The number of treatments of an experiment is determined on the basis of the number of factor levels being investigated. For example, if an experiment involving two factors is to be performed, with the first factor having m levels and the second having n levels, then m x n treatment combinations can possibly be run, and the experiment is an m x n factorial design. If all m x n combinations are run, then the experiment is a full factorial. If only some of the m x n treatment combinations are run, then the experiment is a fractional factorial. In full factorial experiments, all the factors and their interactions can be investigated, whereas in fractional factorial experiments, at least some interactions are not considered because some treatments are not run.
It can be seen that the size of an experiment escalates rapidly as the number of factors (or the number of the levels of the factors) increases. For example, if 2 factors at 3 levels each are to be used, 9 (3x3=9) different treatments are required for a full factorial experiment. If a third factor with 3 levels is added, 27 (3x3x3=27) treatments are required, and 81 (3x3x3x3=81) treatments are required if a fourth factor with three levels is added. If only two levels are used for each factor, then in the four-factor case, 16 (2x2x2x2=16) treatments are required. For this reason, many experiments are restricted to two levels, and these designs are given a special treatment in this reference. Using a fractional design further reduces the number of required treatments.
For Comparison: One Factor Designs
With these designs, only one factor is under investigation, and the objective is to determine whether the response is significantly different at different factor levels. The factor can be qualitative or quantitative. In the case of qualitative factors (e.g., different suppliers, different materials, etc.), no extrapolations (i.e., predictions) can be performed outside the tested levels, and only the effect of the factor on the response can be determined. On the other hand, data from tests where the factor is quantitative (such as temperature, voltage, load, etc.) can be used for both effect investigation and prediction, provided that sufficient data is available. (In DOE++, predictions for one factor designs can be performed using the multiple linear regression folio or free form folio.)
For Factor Screening: Factorial Designs
In factorial designs, multiple factors are investigated simultaneously during the test. As in one factor designs, qualitative and/or quantitative factors can be considered. The objective of these designs is to identify the factors that have a significant effect on the response, as well as investigate the effect of interactions (depending on the experiment design used). Predictions can also be performed when quantitative factors are present, but care must be taken since certain designs are very limited by the choice of the predictive model. For example, in two level designs only a linear relationship can be used between the response and the factors, which may not be realistic.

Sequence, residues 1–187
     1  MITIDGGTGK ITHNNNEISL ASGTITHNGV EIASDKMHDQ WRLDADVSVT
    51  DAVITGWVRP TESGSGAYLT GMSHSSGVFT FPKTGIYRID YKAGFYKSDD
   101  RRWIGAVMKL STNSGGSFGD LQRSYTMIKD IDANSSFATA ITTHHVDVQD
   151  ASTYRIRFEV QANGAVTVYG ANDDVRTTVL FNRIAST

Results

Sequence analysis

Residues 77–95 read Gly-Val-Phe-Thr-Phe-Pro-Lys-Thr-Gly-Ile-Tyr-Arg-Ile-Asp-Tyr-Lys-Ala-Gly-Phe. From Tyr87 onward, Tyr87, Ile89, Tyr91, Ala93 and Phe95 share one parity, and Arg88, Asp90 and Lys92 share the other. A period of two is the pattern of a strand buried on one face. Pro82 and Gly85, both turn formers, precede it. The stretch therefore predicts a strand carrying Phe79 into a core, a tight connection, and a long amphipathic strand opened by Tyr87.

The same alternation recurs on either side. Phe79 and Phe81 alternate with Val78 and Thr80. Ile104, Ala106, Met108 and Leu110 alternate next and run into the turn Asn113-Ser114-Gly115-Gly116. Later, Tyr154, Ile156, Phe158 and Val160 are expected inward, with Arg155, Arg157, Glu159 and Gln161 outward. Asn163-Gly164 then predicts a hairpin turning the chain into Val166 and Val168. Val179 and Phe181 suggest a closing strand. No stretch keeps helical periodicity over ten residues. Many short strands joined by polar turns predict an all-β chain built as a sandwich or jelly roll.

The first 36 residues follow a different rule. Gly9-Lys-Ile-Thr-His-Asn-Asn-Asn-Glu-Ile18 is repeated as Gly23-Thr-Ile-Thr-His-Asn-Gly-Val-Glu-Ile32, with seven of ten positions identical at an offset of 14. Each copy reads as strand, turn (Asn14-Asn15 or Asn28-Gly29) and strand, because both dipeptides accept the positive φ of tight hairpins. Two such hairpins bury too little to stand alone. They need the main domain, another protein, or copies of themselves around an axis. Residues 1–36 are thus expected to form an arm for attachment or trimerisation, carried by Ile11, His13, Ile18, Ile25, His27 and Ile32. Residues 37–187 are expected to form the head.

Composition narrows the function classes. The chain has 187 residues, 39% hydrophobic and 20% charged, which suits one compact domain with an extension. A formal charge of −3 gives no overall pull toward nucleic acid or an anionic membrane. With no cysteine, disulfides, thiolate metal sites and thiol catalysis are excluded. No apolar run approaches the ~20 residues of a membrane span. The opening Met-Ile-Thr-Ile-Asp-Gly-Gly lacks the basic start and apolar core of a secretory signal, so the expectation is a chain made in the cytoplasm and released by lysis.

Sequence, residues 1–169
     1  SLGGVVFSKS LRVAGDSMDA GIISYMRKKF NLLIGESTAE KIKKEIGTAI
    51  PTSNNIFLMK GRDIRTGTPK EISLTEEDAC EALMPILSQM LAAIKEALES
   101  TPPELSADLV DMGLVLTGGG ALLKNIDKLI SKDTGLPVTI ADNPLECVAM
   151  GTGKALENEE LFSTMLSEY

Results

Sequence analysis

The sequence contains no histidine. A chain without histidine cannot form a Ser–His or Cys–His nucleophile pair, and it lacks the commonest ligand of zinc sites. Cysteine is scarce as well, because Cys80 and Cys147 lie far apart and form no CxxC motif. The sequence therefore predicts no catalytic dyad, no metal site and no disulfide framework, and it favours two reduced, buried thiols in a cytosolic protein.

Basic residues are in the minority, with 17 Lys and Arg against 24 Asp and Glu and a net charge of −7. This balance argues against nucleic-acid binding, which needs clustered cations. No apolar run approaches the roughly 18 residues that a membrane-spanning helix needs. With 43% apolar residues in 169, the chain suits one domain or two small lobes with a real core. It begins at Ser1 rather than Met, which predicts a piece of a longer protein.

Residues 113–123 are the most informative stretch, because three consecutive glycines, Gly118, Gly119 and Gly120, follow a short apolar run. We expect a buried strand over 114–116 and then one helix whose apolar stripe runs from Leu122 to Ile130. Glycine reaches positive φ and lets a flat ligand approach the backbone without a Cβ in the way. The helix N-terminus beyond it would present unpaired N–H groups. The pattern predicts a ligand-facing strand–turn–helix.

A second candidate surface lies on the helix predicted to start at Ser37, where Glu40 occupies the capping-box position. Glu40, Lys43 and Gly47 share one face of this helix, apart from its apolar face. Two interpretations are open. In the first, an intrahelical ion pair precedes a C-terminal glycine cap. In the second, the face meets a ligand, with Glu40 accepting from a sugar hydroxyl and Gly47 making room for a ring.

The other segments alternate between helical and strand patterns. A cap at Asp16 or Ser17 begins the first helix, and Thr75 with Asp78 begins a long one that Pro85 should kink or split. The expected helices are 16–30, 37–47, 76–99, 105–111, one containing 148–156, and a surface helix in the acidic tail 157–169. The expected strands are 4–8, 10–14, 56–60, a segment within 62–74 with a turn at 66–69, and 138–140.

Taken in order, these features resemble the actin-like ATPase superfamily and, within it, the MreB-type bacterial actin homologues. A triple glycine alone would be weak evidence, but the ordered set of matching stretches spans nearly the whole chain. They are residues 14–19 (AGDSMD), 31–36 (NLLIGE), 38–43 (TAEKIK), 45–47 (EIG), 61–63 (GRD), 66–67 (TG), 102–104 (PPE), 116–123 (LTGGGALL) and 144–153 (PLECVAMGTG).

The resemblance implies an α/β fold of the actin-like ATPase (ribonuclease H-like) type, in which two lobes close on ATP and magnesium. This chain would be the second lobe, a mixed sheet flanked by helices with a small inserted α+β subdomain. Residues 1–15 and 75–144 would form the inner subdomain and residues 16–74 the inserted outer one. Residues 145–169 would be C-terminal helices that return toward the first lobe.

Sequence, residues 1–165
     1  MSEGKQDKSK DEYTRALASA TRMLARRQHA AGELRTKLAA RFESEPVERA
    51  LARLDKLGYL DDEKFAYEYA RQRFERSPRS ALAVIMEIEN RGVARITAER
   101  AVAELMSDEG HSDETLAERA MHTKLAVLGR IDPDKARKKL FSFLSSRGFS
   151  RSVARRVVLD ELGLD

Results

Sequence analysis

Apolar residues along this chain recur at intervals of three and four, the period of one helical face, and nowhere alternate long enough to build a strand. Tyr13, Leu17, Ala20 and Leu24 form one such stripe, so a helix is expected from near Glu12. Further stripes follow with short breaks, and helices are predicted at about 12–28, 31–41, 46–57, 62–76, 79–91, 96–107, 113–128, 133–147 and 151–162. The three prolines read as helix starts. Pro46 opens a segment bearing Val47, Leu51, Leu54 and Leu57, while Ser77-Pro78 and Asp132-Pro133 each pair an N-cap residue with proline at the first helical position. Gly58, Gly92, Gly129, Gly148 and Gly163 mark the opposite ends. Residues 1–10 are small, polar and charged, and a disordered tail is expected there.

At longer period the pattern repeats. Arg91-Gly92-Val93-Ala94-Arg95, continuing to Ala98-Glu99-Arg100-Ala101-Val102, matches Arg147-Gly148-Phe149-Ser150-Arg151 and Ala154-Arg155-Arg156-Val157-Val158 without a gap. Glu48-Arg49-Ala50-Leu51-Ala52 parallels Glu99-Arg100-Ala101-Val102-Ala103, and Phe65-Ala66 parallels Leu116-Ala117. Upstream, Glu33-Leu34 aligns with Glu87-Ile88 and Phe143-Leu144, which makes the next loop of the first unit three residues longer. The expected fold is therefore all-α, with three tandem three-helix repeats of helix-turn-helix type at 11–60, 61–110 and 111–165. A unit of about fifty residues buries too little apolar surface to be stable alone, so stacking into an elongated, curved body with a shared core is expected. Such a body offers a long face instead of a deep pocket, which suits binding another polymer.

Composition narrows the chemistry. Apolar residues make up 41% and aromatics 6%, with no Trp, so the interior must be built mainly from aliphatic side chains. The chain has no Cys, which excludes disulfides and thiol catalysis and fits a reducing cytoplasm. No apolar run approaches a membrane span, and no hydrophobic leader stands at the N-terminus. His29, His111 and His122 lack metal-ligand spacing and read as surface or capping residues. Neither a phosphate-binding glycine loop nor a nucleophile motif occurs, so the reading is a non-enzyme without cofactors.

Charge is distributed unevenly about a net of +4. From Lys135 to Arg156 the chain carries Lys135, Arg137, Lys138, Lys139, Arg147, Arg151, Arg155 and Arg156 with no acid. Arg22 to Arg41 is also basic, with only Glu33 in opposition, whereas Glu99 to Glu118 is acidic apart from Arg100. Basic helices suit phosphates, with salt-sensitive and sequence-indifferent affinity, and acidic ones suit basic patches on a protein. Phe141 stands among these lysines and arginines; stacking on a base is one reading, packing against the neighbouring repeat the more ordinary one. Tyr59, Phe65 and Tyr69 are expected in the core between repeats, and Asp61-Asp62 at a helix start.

- General Full Factorial Designs
In general full factorial designs, the factors can have different number of levels, and they can be quantitative or qualitative.
- Two Level Full Factorial Designs
With these designs, all factors must have only two levels. Restricting the levels to two and running a full factorial experiment reduces the number of treatments (compared to a general full factorial experiment), and it allows for the investigation of all the factors and all their interactions. If all factors are quantitative, then the data from such experiments can be used for predictive purposes, provided a linear model is appropriate for modeling the response (since only two levels are used, curvature cannot be modeled).
- Two Level Fractional Factorial Design
This is a special category of two level designs, where not all factor level combinations are considered, and the experimenter can choose which combinations are to be excluded. Based on the excluded combinations, certain interactions cannot be investigated.
- Plackett-Burman Design